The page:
get a c o n s t a n t p u m p i n g effect in the matrices. Thus, s o d i u m chloride was released following nearly zero-order kinetics after the initial burst. T h e i n d i v i d u a l a n a t o m i c a l a n d physiological factors affected especially the extent of swelling of matrices. O n the other h a n d , deviations i n the

a m o u n t s of s o d i u m chloride released were relatively small.

Release of sulphanilamide from silicone matrices The rate of release of s u l p h a n i l a m i d e was calculated from the n e a r - l i n e a r p a r t of the release


plot. Sulphanilamide was released extremely slowly from matrices in the absence of sodium chloride (Fig. 4). The moderately hydrophilic sulphanilamide did not dissolve to a sufficient extent in silicone for release from matrices. After a test period of 1 week, only 9% of the sulphanilamide had been released. Sulphanilamide matrices without sodium chloride did not swell (Fig. 4). We noticed only a slight weight increase, which was probably caused by water absorption onto the surface of the polymer matrix. For 2 days, the release of sulphanilamide occurred very slowly from matrices with 5% of sodium chloride (Fig. 4). Subsequent to this period of water sorption, the rate of release of sulphanilamide was nearly equal to that of sodium chloride. During this phase the matrices remained practically unchanged in a swollen form, with sulphanilamide being released at a nearly constant rate due to the osmotic pressure inside the network undergoing no variation.

Microscopic evaluation of the matrices According to the scanning electron micrographs taken before the dissolution test, the surface of all the polydimethylsiloxane matrices containing sodium chloride was intact (Fig. 5a). Thus, irrespective of particle size, all sodium chloride particles near the surface of the matrix were covered with a polymeric film. Also, according to SEM micrographs inside the matrices containing small amounts of sodium chloride, all particles were completely covered with a polymeric film; furthermore, at greater concentrations and especially for a particle size of 127 btm, the particles were partially interconnected. Thus, one can clearly understand that in matrices containing large amounts of 127-/~m particles the continuous diffusion network was easily formed by means of dissolution without extensive mechanical rupturing of the polymeric material. On the other hand, in matrices containing totally encapsulated small particles, the formation of a continuous diffusion network demands the rupturing of polymeric bridges between particles. From scanning electron micrographs taken after dissolution tests, it is possible to observe numerous small shrunken capillaries inside the matrix and even some disc-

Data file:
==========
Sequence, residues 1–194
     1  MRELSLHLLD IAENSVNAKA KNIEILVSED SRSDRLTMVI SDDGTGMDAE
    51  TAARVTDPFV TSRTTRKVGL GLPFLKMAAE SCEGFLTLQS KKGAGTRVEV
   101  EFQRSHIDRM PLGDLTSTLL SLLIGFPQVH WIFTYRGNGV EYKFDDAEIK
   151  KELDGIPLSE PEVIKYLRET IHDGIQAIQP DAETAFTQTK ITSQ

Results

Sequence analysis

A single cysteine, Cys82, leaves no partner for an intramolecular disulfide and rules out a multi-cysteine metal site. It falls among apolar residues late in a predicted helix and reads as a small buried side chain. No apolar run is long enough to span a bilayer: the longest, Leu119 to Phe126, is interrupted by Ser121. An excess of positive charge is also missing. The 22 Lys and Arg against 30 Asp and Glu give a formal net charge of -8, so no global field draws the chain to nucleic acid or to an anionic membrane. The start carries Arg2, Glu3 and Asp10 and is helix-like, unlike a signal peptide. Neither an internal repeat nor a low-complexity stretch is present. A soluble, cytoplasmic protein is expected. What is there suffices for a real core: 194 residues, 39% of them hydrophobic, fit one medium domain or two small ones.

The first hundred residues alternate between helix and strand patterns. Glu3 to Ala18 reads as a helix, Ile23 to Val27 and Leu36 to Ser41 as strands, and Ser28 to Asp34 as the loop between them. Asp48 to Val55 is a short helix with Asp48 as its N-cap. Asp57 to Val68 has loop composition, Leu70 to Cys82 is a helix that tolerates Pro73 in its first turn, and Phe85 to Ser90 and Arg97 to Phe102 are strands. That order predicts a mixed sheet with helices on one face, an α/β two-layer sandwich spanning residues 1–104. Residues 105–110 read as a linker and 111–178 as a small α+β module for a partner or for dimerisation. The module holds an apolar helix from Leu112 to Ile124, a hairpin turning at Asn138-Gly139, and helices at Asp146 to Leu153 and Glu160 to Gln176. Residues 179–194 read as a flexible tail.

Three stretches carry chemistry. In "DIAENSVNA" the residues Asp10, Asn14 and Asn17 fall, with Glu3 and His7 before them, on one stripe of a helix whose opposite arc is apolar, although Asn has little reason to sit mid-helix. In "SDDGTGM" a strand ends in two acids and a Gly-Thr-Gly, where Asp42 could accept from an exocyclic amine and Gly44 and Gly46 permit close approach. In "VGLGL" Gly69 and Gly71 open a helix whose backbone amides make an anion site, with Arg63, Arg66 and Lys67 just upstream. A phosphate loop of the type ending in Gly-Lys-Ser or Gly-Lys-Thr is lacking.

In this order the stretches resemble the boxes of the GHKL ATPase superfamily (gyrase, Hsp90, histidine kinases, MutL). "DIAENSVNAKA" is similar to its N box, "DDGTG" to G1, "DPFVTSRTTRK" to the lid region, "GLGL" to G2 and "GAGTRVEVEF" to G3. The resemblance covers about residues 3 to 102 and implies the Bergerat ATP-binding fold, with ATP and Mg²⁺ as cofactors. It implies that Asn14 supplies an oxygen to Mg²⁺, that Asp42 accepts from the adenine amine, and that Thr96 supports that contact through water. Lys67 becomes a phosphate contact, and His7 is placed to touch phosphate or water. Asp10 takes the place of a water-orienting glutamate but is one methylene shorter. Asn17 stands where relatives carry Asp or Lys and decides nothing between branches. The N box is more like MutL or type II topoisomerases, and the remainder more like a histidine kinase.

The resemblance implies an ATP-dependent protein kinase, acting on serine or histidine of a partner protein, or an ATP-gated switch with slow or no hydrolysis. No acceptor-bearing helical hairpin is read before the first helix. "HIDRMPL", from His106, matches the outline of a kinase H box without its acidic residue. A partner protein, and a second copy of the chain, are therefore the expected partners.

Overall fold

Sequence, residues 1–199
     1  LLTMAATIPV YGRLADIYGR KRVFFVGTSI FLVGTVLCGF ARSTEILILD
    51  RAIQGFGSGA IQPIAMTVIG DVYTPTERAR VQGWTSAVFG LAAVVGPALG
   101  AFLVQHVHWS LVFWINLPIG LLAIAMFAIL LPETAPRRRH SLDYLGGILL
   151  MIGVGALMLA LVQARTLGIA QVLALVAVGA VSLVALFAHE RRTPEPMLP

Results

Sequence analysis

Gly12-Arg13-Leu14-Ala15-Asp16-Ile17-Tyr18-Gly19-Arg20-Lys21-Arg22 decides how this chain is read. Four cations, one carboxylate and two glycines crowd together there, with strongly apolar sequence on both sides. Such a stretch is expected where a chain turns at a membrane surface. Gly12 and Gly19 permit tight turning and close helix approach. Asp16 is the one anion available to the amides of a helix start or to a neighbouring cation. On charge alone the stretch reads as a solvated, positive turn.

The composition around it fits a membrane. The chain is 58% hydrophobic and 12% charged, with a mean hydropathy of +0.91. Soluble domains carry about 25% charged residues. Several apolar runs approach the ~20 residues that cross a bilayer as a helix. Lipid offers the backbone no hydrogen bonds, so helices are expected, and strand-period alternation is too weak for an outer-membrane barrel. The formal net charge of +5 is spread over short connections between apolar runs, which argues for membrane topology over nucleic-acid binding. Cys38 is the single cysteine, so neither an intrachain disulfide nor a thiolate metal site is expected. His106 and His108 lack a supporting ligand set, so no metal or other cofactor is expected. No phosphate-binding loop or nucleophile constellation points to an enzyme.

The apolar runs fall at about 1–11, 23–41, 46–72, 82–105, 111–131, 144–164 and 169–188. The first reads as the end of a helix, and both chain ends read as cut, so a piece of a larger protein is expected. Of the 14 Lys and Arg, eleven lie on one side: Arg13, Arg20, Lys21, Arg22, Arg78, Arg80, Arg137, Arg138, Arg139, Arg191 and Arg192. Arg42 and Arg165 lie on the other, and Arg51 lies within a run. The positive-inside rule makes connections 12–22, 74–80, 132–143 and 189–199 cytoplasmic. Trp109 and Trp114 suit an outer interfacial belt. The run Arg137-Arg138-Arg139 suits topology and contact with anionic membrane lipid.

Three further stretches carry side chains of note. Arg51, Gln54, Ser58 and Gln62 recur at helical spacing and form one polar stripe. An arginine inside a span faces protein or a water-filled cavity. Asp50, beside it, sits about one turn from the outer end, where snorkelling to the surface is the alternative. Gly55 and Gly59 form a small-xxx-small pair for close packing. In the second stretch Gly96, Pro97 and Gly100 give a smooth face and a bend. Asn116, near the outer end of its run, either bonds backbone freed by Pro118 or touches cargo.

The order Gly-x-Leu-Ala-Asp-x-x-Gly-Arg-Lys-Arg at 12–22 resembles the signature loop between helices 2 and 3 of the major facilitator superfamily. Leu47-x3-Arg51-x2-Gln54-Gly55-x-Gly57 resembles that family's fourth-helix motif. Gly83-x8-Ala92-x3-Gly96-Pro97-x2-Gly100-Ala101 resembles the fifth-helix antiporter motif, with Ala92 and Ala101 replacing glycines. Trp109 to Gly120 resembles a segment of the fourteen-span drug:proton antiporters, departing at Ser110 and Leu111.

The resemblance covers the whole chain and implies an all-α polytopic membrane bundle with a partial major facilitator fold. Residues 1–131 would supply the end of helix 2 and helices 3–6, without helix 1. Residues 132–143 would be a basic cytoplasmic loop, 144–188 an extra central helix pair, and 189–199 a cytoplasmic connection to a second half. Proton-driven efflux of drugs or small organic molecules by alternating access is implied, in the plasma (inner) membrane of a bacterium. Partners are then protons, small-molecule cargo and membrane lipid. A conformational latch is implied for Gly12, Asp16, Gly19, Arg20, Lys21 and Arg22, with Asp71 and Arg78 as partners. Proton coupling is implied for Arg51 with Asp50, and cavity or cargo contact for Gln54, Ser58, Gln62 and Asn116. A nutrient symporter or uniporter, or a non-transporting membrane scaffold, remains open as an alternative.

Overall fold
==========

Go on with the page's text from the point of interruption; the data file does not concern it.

shaped openings at the surface (Fig. 5b and c). Thus, the variations in the profiles of release and swelling between different matrices can at least partially be explained by the differences in the formation of the diffusion network.

Acknowledgements The authors wish to thank Mrs. Lea Pirskanen, Mrs. Mirja Simonen and Ms. Maria Tuomainen for excellent technical assistance and the Technology Development Centre (TeKes), Finland for financial aid during this work.

References Allen, D.J., De Marco, J.D. and Kwan, K.C., Free films I: Apparatus and preliminary evaluation. J. Pharm. Sci., 61 (1972) 106-109. American National Standards, A S T M No. D412, American Society for Testing and Materials, Philadelphia, 1981, p. 67. Chien, Y.W., In vitro-in vivo correlation on the subcutaneous release of progestins from silicone capsules. Chem. Pharm. Bull., 24 (1976) 1471-1479. DiColo, G., Carelli, V., Nannipieri, E., Serafini, M.F., Vitale, D. and Bottari, F., Effect of different water-soluble additives on the sustained release of sulfanilamide from silicone rubber. II Farmaco, 37 (1982) 377-389. Gale, R., Chandrasekaran, S.K., Swanson, D. and Wright, J., Use of osmotically active therapeutic agents in monolithic systems. J. Membr. Sci., 7 (1980) 319-331. Hsieh, D.S.T., Mann, K. and Chien, Y.W., Enhanced release of drugs from silicone elastomers (I): Release kinetics of pineal and steroidal hormones. Drug Deo. Ind. Pharm., 11 (1985) 1391-1410. McGinity, J.W., Hunke, L.A. and Combs, A.B., Effect of water-soluble carriers on morphine sulphate release from a silicone polymer. J. Pharm. Sci., 68 (1979) 662-664. Pfister, W.R., Sweet, R.P., Weaver, M.E. and Waiters, P.A., Modification of physical properties and drug delivery rates from polydimethylsiloxane by use of selected oil and water soluble additives. Proc. Int. Syrup. Control. Rel. Bioact. Mater., 12 (1985) 145-146. Rankin, F.S., Use of silicones for controlled release of drugs. Proc. Int. Syrup. Control. Rel. Bioact. Mater., 12 (1985) 143-145. Sanvordeker, D.R., Cooney, J.G. and Wester, R.C., Transdermal nitroglycerin pad. US Patent No. 4,336,243, June 22, 1982. Wright, J., Chandrasekaran, S.K., Gale, R. and Swanson, D., A model for the release of osmotically active agents from monolithic polymeric matrices. A I C h E Syrup. Set., 206 (1981) 62-68.